The revelation that Dark Souls has a story, albeit a story I had to earn, kept me playing a little longer. Therein I discovered something else missed in my first play through: Dark Souls has a pretty fantastic combat system.

Dark Souls combat stems from a first principle: you, the player, protagonist, and hero, are not special. You’re not Batman, Sephiroth, or Ryu Hayabusa. You are an undead escaped from the undead asylum, nothing more. Because of that, a couple of well placed stabs, cuts, or smashes will kill you.

I was frail.

I have been the indestructible Master Chief, the one in a million person immune to zombie bites, and the immortal Master of Orion. Dark Souls has the nerve to make art imitate life by turning me into something soft and weak.

Though the game hints at becoming stronger, tempting the player with high level weapon descriptions during load screens, I, Shaftoe the Mighty, was a fragile little newbie in a big bad world. I had to set aside years of gamer impulses and actually duel with each nameless grunt who stood between me and the boss.

Even now, after ten hours of play resulting in a character who can effectively use a halberd with one hand while working a kite shield with the other, I still have to be respectful of my foes. Sure I can one-shot a lot of generic baddies, but my level 23 character only has marginally more health than I did as a level 6 character. A single sword cut against me matters in Dark Souls in ways other 3rd person sword play games would never dream.

Now it seems hard not to appreciate the design elegance in a game which demands a twitch inclined button mashing audience slow down to think their way through combat. On a practical level, a cautious approach to playing Dark Souls makes death less of a chore and more of natural barrier within an open world game. When Dark Souls started killing me, my inclination was to get angry and have another go at the beast which dared to cross swords with an all powerful User. Then I would die again. In doing so I would lose the unspent experience points/humanity left behind in the essence of my last incarnation. Gamer rage became my own worst enemy. In slowing down and thinking, I approached death with a measure of Zen. Once reborn I would return to the remains of my last self, literally reclaim the experience of my past life, and set a new course away from the mechanism of my previous demise.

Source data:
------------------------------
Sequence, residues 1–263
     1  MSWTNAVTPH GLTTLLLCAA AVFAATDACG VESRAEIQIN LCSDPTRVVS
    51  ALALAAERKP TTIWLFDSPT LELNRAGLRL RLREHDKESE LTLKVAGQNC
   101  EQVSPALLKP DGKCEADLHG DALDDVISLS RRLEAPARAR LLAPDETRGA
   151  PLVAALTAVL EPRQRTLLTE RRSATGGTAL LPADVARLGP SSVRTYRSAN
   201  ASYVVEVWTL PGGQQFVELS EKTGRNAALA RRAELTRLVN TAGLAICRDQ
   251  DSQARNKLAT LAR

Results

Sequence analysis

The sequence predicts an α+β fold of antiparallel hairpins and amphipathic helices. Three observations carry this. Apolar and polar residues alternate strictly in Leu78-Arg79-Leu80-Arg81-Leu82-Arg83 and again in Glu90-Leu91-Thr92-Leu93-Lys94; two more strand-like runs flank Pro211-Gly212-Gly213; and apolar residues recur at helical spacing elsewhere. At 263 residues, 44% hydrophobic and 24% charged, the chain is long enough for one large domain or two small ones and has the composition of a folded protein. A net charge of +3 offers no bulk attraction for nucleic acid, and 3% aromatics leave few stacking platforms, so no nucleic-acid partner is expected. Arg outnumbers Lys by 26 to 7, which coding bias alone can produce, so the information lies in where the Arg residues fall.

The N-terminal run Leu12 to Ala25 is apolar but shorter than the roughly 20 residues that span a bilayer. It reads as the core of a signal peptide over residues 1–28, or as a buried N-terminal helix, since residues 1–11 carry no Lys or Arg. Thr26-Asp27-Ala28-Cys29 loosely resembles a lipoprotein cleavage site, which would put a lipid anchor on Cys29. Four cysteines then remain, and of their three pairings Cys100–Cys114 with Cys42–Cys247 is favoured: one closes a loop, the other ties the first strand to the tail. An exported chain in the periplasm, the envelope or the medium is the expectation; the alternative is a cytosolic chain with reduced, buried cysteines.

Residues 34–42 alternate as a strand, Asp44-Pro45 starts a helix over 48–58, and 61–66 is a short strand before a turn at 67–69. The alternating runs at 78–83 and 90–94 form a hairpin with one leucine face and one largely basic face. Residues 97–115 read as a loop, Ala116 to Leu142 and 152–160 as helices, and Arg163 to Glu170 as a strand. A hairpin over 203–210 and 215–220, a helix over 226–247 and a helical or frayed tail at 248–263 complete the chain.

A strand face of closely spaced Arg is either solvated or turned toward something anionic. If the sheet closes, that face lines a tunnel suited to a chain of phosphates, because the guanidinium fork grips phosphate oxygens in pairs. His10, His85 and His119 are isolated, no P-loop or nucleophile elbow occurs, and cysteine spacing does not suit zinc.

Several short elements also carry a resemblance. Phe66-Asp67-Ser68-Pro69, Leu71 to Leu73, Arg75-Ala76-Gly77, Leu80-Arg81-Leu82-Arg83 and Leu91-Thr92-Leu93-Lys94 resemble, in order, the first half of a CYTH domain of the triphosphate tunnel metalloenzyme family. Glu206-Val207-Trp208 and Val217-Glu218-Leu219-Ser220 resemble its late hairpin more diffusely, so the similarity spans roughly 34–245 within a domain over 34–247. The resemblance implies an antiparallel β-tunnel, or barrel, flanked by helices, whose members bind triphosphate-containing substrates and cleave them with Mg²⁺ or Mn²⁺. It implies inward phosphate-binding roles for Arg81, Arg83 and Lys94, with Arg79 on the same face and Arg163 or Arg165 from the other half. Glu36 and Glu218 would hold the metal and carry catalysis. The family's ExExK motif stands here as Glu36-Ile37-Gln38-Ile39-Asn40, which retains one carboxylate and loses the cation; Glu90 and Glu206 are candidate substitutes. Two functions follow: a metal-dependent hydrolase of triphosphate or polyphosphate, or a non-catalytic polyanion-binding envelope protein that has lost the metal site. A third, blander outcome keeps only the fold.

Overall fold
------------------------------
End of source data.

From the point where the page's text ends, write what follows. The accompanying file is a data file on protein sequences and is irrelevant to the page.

Thus Dark Souls is not a game about grinding, persistence, and tilting at windmills. It’s an exercise in caution, restraint, accepting one’s own limits – temporary though they may be – and checking one’s ego at the title screen. Played like any other action game, the likes of which hinge upon convincing the player they are somehow special, I can see why it might require 100 hours to complete Dark Souls. Yet now I feel confident anybody could finish the game faster if they purge themselves of any sense of exceptionalism and adjust their approach to suit Dark Souls’ philosophy.

And that’s the story of how I came to appreciate a game I’d once written off as a pointless endeavour in making mountains out of a mole hill.

My name is Adam, and I was wrong about Dark Souls.